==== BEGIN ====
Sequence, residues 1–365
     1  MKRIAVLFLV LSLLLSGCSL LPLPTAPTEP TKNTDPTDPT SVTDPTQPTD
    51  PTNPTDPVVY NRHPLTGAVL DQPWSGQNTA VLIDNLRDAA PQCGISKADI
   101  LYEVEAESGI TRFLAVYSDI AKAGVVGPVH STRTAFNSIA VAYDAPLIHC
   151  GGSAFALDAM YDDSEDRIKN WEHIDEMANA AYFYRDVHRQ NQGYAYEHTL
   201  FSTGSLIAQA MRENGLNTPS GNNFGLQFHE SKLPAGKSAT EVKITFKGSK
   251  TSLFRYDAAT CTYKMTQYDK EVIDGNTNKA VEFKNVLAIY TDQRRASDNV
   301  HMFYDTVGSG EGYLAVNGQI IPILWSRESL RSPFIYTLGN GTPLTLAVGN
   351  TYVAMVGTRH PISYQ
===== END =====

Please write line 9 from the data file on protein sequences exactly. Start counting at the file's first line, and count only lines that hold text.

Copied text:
   351  TYVAMVGTRH PISYQ